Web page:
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Mulvaney Announces Plans to Move Ahead with Effort to Gut Payday Loan Rule, Leaving Consumers at Great Risk

Friday, October 26, 2018
Rebecca Borné

WASHINGTON, D.C. –Today, Mick Mulvaney announced that the Consumer Financial Protection Bureau (CFPB) plans to move forward with gutting the agency’s rule to stop abusive payday lending and car-title loan debt traps. The announcement calls for the CFPB to reconsider both the rule's compliance date, as well as its core ability-to-repay provisions. A new proposal is expected in January 2019.

The payday lending rule, finalized last year under then-CFPB Director Richard Cordray, establishes basic consumer protections on these 300% or more interest loans, including the common-sense standard that lenders should have to verify a borrower’s ability to repay before making the loan. The rule was the culmination of five and a half years of CFPB research and stakeholder engagement, as shown in this interactive timeline. The rule, as released in October 2017, is set to go into effect summer 2019.

Center for Responsible Lending Senior Policy Counsel Rebecca Borné released the following statement:

Americans can’t catch a break with Mulvaney at the helm of the CFPB. This is nothing more than his keeping his promise to predatory lenders to sabotage the payday lending rule. If predatory lenders and Mulvaney succeed in eliminating or watering down this important consumer protection, millions of financially distressed Americans will continue to be caught in a crippling cycle of 300 percent-interest rate loans.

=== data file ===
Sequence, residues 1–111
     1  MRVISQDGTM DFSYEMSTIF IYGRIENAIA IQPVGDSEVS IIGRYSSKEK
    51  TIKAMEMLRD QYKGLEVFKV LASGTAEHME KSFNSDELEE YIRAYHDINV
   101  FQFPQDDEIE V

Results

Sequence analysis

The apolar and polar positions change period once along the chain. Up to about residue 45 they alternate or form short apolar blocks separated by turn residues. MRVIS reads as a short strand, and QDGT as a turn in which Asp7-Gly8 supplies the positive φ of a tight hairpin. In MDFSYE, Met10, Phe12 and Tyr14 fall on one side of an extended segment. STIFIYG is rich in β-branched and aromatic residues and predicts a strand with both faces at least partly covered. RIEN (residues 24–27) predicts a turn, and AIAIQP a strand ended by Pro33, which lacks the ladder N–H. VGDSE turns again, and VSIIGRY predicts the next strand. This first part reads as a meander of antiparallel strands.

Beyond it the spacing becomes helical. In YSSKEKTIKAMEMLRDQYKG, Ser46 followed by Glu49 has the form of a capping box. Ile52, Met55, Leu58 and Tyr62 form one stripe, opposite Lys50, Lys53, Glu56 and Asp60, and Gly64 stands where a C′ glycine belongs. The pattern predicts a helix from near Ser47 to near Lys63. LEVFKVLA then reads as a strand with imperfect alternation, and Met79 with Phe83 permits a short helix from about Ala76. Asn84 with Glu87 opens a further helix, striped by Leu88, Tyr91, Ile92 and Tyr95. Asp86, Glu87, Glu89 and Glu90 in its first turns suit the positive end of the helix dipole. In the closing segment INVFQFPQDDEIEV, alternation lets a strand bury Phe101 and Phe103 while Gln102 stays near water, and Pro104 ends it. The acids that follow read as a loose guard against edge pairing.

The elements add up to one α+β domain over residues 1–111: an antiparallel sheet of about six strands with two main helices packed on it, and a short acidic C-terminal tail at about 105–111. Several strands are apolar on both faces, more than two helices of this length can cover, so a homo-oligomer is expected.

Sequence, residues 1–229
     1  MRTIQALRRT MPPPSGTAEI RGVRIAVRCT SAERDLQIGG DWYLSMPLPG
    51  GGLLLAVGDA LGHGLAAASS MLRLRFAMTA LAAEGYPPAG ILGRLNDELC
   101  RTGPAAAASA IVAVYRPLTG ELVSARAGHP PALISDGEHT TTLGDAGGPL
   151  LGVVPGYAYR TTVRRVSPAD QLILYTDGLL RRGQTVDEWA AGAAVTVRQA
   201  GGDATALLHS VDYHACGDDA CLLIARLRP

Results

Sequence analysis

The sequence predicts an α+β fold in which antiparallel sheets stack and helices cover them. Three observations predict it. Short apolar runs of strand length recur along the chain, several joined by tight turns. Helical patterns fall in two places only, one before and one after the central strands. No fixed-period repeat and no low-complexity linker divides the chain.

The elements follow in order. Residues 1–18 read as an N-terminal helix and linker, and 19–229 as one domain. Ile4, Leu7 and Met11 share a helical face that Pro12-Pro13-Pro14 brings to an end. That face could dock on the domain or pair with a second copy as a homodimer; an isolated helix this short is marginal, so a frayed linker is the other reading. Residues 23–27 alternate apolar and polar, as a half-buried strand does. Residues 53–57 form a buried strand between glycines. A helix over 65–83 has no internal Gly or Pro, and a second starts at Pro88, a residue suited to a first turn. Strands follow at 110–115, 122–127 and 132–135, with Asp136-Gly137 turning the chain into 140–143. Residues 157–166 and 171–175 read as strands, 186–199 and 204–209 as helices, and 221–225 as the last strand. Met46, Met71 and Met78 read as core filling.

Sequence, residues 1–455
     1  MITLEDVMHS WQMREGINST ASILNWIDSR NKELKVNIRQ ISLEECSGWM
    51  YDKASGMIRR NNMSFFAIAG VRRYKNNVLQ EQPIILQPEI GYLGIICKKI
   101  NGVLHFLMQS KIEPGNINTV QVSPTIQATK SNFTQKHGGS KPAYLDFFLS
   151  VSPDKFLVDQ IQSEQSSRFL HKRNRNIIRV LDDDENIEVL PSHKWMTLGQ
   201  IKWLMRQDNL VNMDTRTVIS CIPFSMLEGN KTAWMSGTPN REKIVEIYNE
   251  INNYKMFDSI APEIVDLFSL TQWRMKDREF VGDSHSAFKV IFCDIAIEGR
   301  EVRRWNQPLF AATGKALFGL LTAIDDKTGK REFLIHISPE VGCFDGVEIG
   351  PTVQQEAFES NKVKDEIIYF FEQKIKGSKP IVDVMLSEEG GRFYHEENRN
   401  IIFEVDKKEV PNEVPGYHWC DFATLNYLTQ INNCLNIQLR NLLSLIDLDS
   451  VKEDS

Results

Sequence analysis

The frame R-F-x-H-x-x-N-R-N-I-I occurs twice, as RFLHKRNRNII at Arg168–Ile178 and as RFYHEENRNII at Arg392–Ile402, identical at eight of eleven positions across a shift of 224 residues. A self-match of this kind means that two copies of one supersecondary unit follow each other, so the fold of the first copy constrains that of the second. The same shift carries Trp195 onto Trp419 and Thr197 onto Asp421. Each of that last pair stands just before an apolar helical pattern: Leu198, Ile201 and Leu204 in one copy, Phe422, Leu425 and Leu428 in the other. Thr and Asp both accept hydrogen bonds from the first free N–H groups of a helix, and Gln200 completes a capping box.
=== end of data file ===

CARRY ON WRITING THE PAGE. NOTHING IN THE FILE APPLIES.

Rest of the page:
This predatory lending business model relies on a borrower’s inability to repay their loans, which leads to a long-term cycle of very high-cost debt. This in turn often causes a downward spiral of bank penalty fees, defaulting on other bills, and even bankruptcy. These predatory loans especially harm communities of color, where payday lenders disproportionately locate their storefronts.

The CFPB payday lending rule should be implemented as finalized, without interruption. A delay is unjustified, and every additional day without the rule will permit lenders to trap more borrowers in the high-cost debt traps the rule is designed to prevent.

For more information, or to arrange an interview with a CRL spokesperson on this issue, please contact Ricardo Quinto at ricardo.quinto@responsiblelending.org.